Geographic Connection to Pennsylvania: Flemington, Clinton County
A professor at Lock Haven University, Nicholson published Odds Without End, a collection of short stories, through the Lock Haven Press in 1972.
Professor and writer Paul Joseph Nicholson was born in 1937 in Oklahoma. After earning degrees in creative writing and acquiring experience in advertising and publishing, he took a position at Lock Haven University, teaching there for over 30 years. He wrote numerous poems, short stories, and reviews in magazines. Nicholson died in 2003.
P. Joseph Nicholson was born on January 4, 1937, in Oklahoma City. He was the son of an investment broker, Paul, and Dorothy Nicholson. After completing his high school coursework, Nicholson matriculated at Texas Technological College (now Texas Tech University ), earning his B.A. there in 1960. In 1962, he earned his MA at Oklahoma State University. He also attended the University of Iowa from 1962 to 1963 to earn his MA in Creative Writing, taking up an instructorship in English at Texas Christian University from 1963 to 1966. While at TCU, he met Martha Whitaker, whom he married on December 24, 1965; the couple had a daughter named Kelleigh Elizabeth. He left TCU to become creative director at the Fort Worth advertising firm of Jack T. Holmes & Associates. In 1969, he became an assistant professor of English and co-director of the creative writing program at Lock Haven University. He lived in the nearby towns of Flemington and Clintondale for the rest of his life.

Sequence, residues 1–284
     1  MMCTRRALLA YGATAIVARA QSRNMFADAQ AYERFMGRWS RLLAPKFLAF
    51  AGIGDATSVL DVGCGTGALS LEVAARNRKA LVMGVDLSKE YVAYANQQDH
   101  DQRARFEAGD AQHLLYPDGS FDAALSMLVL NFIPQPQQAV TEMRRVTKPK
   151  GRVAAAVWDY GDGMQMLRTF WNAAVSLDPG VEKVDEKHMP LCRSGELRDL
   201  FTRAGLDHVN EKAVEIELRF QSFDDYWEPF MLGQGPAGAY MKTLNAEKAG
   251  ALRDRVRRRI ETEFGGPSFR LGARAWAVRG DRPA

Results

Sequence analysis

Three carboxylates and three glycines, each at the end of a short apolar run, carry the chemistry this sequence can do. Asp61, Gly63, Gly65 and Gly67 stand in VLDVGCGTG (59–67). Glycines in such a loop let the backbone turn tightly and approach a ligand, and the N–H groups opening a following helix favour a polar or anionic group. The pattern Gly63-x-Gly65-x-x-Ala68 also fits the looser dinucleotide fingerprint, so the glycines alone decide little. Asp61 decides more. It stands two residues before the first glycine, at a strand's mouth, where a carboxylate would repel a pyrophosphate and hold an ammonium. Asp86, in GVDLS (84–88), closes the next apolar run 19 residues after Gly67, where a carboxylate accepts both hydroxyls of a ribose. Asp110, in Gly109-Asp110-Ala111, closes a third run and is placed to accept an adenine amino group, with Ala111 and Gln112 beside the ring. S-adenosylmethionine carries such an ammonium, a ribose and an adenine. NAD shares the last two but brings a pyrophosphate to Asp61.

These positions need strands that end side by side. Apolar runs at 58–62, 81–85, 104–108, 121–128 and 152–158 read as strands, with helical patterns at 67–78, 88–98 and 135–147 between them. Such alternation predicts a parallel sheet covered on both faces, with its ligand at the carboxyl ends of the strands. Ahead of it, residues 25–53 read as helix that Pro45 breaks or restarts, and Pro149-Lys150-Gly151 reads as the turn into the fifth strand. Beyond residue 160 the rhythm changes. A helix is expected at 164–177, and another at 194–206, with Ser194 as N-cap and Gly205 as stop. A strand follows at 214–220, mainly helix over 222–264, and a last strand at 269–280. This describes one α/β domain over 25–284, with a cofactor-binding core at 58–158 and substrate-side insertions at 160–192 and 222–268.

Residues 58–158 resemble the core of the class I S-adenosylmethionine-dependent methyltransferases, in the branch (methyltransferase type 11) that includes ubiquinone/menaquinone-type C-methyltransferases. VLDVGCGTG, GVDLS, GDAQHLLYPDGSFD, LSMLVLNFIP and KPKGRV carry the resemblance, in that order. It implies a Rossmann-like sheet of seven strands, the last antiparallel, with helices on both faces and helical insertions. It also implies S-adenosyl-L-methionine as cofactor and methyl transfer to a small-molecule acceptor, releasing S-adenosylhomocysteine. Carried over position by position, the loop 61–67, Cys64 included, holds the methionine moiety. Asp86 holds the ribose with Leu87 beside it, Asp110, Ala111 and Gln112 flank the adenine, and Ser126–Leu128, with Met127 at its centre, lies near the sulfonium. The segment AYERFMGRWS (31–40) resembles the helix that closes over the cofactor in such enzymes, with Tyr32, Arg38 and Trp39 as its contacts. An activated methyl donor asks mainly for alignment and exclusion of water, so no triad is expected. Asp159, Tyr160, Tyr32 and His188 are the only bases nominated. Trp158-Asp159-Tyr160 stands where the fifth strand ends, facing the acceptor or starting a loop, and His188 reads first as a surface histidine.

During his career, Nicholson worked in a number of different writing fields. He published a number of poems and short stories, including the collection entitled Odds Without End (1972), as well as reviews and non-fiction in Harper’s Weekly and Rolling Stone, among other venues. He had also been owner and publisher of Ice Man’s Press in Texas during the 1960s. Nicholson also owned and edited the Chrysalis Review. While at Lock Haven, he was fiction editor of the Lock Haven Review. He had also written a radio series called “Sowbelly,” which aired on a Lock Haven radio station from 1974 to 1976. He retired from teaching at Lock Haven University at the end of the Spring 2003 term.
P. Joseph Nicholson died on December 4, 2003, in Williamsport, Pennsylvania. The Lock Haven University Alumni Association paid tribute to Nicholson, saying “he will be fondly remembered for his satirical sense of humor, puns, and one-liners; his passion for literature and the arts; and his love for his family.”
Memoirs of a Wet Bird. N.P.: Ice Man’s Press, 1965.
Odds Without End. Lock Haven, PA: Lock Haven Press, 1972.
The Dam Builder. Union City, CA: Fault Press, 1977.